March 19, 2019 #ChileDiverse #Science and Knowledge.

The 10 most outstanding astronomical discoveries made by ESO in Chile

The observations made with ESO's telescopes have enabled a great number of advances in the area of astronomy, and over the years, they have been responsible for some fundamentally important discoveries. Below is a list of ESO's 10 most outstanding astronomical discoveries to date.

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  1. Stars orbiting the black hole of the Milky Way galaxy

Several of ESO's flagship telescopes were employed in a study conducted over 16 years to obtain the most detailed view of the environment surrounding the monster at the heart of our galaxy, a supermassive black hole.

  1. The acceleration of the expansion of the Universe

Two independent research teams, through observations of stellar explosions, including those obtained with ESO's telescopes at La Silla and Paranal, demonstrated that the expansion of the Universe is accelerating. This result was awarded the 2011 Nobel Prize in Physics.

  1. Discovery of a planet in the habitable zone surrounding the nearest star, Proxima Centauri.

The long-sought planet, designated Proxima b, orbits its cool red host star every 11 days and has a temperature suitable for liquid water on its surface. This rocky planet is slightly more massive than Earth and is the closest exoplanet to us (and may also be the closest place to harbor life outside the Solar System).

  1. Revolutionary ALMA image shows planetary genesis.

In 2014, ALMA, the Atacama Large Millimeter/submillimeter Array, delivered important details of a solar system in formation. The HL Tauri images were the sharpest ever obtained at submillimeter wavelengths. They show how forming planets suck up dust and gas in a protoplanetary disk.

  1. The first photograph of an exoplanet

The VLT obtained the first direct photograph of a planet located outside our solar system. It is a giant planet, about five times more massive than Jupiter, orbiting a brown dwarf at a distance equivalent to 55 times the separation between the Earth and the Sun.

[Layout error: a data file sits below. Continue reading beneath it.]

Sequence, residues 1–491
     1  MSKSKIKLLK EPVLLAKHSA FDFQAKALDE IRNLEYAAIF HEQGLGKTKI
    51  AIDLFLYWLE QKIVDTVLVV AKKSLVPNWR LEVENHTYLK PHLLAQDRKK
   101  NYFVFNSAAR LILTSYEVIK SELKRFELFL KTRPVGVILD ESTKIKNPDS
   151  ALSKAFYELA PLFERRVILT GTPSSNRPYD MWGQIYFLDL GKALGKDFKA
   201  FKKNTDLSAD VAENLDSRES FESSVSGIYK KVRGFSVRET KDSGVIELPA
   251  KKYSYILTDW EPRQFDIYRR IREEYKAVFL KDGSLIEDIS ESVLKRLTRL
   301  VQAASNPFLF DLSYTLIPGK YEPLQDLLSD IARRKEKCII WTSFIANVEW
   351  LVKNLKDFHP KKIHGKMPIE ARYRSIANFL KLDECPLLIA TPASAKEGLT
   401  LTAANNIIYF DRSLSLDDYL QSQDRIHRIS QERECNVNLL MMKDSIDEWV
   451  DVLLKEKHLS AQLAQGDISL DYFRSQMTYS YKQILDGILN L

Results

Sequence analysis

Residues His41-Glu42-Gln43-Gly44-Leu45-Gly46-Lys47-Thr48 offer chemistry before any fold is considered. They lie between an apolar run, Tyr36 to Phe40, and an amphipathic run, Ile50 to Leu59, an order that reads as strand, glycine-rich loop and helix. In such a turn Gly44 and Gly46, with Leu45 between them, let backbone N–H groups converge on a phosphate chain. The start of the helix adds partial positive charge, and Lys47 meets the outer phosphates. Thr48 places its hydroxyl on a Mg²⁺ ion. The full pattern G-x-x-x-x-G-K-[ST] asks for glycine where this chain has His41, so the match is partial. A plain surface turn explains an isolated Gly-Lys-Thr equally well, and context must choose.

1. The first light from a gravitational wave source

A battery of ESO telescopes in Chile has detected the first visible counterpart of a gravitational wave source. These historic observations suggest that this unique object is the result of a merger of two neutron stars. The cataclysmic aftermath of such a merger, long-predicted events called kilonovae, scatters heavy elements such as gold and platinum into the universe.

  1. Direct measurements of the spectra of exoplanets and their atmospheres

Through the VLT, it was possible to analyze for the first time the atmosphere surrounding a super-Earth-like exoplanet. The planet, known as GJ 1214b, was studied as it transited in front of its host star and some of the starlight passed through its atmosphere. The atmosphere is mostly water in the form of vapor or is dominated by dense clouds or haze. This is deduced from the first direct measurement of the spectrum of an exoplanet.

  1. Independent measurement of cosmic temperature

The VLT detected for the first time carbon monoxide molecules in a galaxy located about 11 billion light-years away, a feat that had been impossible to achieve for 25 years. This allowed astronomers to obtain the most precise measurement of cosmic temperature at such a remote epoch.

  1. The most populated planetary system

Astronomers, using ESO's HARPS instrument, discovered a system composed of at least five planets orbiting a Sun-like star known as HD 10180. They also provided evidence for the possible existence of two other planets, one of which may be the lowest mass observed to date. The team also found evidence that the distances between the planets and their star follow a regular pattern, just as in our Solar System.

  1. Gamma-ray bursts - their link to supernovae and neutron star fusion

ESO telescopes have provided conclusive evidence that gamma-ray bursts are linked to the final explosion of massive stars, answering a long-held question. In addition, one of the telescopes at La Silla Observatory was able to observe, for the first time, the visible light emitted by a short-lived gamma-ray burst, showing that this category of objects probably originated due to the violent collision of two neutron stars as they merged.

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